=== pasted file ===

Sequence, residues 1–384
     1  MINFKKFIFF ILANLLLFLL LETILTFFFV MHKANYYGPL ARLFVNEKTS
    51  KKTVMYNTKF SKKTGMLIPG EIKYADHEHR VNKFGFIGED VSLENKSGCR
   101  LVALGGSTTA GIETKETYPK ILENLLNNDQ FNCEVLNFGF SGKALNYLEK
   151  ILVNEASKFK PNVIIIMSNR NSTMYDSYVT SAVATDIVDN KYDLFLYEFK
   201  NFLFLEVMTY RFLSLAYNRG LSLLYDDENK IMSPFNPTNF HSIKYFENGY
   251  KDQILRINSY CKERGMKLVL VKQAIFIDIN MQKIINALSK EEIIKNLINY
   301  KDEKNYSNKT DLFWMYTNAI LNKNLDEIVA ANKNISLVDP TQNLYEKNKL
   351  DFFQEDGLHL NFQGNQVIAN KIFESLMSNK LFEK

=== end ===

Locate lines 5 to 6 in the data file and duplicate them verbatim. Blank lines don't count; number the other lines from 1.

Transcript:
   151  ILVNEASKFK PNVIIIMSNR NSTMYDSYVT SAVATDIVDN KYDLFLYEFK
   201  NFLFLEVMTY RFLSLAYNRG LSLLYDDENK IMSPFNPTNF HSIKYFENGY